Trying to understand which regression model is more popular in retail credit card industry Logistic regression or GLM with Poisson distribution and why?
"One of the attractive features of the logistic function is the fact that it is bounded between 0 and 1, making it suitable to represent probabilities. "
"The Poisson intensity model introduced in this article still has serious shortcomings despite the major advancement offered by its dynamic features. First, it is known to be unable to properly capture the clustered default phenomenon such as is documented in Das et al. (2007). Another limitation is that the time aggregation to different horizons is easy in principle but difficult in reality. The Poisson intensity is a known function of common risk factors and individual firm attributes. For time aggregation to get to a longer horizon of interest, one must prescribe the dynamic processes for all these variables whose future values are unknown. The dimension of the dyna"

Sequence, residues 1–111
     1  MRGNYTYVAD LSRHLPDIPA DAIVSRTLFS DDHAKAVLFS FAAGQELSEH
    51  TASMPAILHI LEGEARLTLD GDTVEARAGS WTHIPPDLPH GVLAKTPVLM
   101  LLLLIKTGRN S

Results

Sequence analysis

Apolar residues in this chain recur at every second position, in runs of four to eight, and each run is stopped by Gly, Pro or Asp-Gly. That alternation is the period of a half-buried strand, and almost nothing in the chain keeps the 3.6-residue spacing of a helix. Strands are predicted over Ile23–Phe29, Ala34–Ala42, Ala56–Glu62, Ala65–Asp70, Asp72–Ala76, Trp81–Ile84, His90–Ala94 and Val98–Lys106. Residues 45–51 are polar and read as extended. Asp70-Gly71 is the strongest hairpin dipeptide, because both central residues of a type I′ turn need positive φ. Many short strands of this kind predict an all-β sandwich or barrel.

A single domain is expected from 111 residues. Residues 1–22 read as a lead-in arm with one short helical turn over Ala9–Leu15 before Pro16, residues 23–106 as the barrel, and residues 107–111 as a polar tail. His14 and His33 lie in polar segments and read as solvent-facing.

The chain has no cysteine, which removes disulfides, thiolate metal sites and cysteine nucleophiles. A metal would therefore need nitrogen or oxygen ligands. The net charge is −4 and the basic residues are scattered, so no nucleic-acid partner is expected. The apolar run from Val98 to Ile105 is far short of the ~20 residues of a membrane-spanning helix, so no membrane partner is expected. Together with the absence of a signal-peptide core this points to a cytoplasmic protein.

In the credit modelling industry is more popular the use of the logistic regression with respect to the Poisson one.
This is for several reasons. Here I listed the main ones:
1) The Logistic regression is empirically shown to be better in describing that kind of phaenomenona in terms of forecasting performances and predictive capacity (try to compare the performance ratio for both of them: Accuracy ratio, ROC,...).
2) The Logistic regression suffers less the overdispersion problem that is a features of the Poisson regression models and only sometimes can be solved by using a Bivariate regression model, as, for instance, in the health care industry analysis case.
3) The Logistic regression is simpler to be implemented with respect to both the programming point of view and a theoretical point of view.
This is as regards the estimation of the probability of default. In other cases, this could be not completely true.
I suggest you to read Categorical Data Analysis by Agresti, to have a more deepen knowledge of this topic (from an econometric point of view) and, moreover, to try to test which model is better; generally, it is as above, but it depends on the economic cycle, data sample,... etc.